Each Iridium Next satellite also hosts an aircraft tracking transceiver built by Harris Corp. The air traffic monitoring project, led by an Iridium affiliate named Aireon, will become operational once at least 66 Iridium Next spacecraft are in space.
Aireon said in a press release Wednesday that the airplane-tracking system will go live later this year, with the service initially becoming available to air traffic controllers in Canada. The Aireon system is designed to provide global aircraft tracking services, replacing ground-based radars that do not cover the oceans and other parts of the world.
Operational trials using Aireon’s service over the busy North Atlantic flight corridor will begin next year. In addition to Canada’s air traffic control organization, air traffic authorities in the United Kingdom, Ireland, Denmark, Italy and parts of Africa plan to use Aireon. The Federal Aviation Administration is testing the Aireon service for potential incorporation of the system’s satellite-based tracking capability in U.S. airspace.
“We’re getting closer to the finish line,” said Don Thoma, CEO of Aireon, in a statement. “Perhaps most exciting though is that the system has been functioning beyond expectation, resulting in even greater coverage redundancy than initially planned. We’re seeing double coverage, and in many cases triple redundancy from our payloads before the constellation is even completed. With this seventh successful launch completed, we’re now preparing to begin a new era for the aviation industry.”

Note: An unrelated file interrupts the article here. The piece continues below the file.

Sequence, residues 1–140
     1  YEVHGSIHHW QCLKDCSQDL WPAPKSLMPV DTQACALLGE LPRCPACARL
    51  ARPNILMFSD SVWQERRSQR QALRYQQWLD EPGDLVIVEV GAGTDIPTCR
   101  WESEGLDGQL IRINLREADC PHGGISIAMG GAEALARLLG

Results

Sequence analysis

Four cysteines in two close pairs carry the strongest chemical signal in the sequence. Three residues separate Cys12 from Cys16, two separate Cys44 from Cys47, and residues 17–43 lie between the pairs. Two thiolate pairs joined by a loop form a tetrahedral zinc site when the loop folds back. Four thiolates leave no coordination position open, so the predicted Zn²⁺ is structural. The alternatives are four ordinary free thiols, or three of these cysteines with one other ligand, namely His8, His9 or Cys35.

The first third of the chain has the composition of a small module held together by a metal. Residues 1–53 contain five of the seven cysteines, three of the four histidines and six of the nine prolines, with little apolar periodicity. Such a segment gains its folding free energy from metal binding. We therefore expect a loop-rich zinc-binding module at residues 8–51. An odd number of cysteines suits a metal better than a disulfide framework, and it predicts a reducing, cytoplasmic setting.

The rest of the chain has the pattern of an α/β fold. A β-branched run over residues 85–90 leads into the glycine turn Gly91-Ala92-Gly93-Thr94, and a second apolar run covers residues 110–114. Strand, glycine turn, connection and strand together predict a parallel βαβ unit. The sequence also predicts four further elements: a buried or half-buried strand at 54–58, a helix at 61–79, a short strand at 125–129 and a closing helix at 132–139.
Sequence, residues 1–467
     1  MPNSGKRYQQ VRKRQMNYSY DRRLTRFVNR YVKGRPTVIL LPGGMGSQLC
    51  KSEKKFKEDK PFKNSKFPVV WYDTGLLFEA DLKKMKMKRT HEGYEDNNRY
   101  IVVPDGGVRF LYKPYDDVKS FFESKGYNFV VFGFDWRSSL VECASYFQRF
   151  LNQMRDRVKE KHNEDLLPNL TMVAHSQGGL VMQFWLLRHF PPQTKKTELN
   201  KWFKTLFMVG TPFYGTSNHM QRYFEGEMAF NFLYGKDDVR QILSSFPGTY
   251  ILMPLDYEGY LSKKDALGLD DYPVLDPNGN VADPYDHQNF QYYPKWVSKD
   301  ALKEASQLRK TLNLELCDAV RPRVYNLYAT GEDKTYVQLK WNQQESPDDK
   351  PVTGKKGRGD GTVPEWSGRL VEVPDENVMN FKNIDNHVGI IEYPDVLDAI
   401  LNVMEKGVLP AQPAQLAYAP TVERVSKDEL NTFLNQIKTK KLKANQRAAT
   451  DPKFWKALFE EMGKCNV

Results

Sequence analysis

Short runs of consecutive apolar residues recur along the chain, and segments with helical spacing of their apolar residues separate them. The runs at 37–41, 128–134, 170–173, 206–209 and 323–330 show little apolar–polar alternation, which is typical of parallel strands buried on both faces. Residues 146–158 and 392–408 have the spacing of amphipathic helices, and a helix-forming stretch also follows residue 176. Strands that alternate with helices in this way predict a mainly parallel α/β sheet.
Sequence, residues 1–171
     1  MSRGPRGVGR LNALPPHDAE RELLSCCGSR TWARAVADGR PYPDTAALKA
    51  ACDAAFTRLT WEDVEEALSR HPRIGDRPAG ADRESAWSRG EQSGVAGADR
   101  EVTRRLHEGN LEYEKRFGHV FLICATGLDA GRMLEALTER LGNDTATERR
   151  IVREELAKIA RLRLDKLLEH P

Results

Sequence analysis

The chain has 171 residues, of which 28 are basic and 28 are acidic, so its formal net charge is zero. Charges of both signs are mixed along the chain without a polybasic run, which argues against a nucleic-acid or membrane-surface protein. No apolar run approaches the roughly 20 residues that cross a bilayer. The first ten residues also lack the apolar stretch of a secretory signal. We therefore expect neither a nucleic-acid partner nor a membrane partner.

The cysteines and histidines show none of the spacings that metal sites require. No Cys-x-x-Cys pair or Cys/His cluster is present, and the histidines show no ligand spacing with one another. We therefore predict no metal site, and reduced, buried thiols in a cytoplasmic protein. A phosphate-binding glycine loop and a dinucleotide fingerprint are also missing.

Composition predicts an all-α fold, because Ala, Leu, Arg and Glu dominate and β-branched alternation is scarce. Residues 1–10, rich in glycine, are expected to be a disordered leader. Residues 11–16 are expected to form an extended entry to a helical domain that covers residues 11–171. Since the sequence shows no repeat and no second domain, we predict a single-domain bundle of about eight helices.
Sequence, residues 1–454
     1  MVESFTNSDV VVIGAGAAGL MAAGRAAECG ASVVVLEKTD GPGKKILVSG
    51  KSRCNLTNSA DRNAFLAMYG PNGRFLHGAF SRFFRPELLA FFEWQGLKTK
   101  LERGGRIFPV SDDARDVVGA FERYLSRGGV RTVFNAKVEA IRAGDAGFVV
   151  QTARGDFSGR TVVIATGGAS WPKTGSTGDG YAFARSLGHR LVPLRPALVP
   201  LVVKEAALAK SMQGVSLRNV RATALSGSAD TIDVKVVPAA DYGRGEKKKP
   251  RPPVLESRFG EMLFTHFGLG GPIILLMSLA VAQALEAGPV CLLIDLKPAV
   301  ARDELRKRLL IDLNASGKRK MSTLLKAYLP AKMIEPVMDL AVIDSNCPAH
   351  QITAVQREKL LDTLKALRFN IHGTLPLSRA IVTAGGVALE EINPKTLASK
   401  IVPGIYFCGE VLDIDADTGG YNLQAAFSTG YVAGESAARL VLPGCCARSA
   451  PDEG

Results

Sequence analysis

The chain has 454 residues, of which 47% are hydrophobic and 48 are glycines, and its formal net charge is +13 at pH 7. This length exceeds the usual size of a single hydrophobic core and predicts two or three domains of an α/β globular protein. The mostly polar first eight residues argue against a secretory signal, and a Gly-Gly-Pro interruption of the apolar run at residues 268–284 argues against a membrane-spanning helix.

Most of the Iridium Next satellites also carry ship tracking antennas for exactEarth, a Canadian company.
Iridium reserved its launches with SpaceX in 2010 with a contract officials said at the time was valued at nearly $500 million, then the most lucrative commercial launch agreement ever signed. The first version of SpaceX’s Falcon 9 rocket, now long-retired, had only achieved one test flight when Iridium secured launches with the company.
In a tweet following Wednesday’s launch, Desch said SpaceX’s launch prices in 2010 were less than half those of the other bidders considered by Iridium officials.
“Thanks for taking a chance on SpaceX so many years ago! Looking forward to using the new Iridium constellation,” SpaceX founder and chief executive Elon Musk tweeted in reply to Desch.
Iridium ordered 81 satellites from Thales Alenia Space and Northrop Grumman Innovation Systems, formerly known as Orbital ATK. Six of the spacecraft have been designated ground spares and could be launched at a later time.
Wednesday’s launch was the third mission using a first stage based on SpaceX’s improved “Block 5” version of the Falcon 9 rocket. It was the second Falcon 9 launch in a little more than three days, coming after a liftoff early Sunday from Cape Canaveral with the Telstar 19 VANTAGE communications satellite.
Next up on SpaceX’s launch schedule is another mission from Florida set for no earlier than Aug. 4 with the Merah Putih communications satellite for Telkom Indonesia. The launch window Aug. 4 opens at 1:19 a.m. EDT (0519 GMT).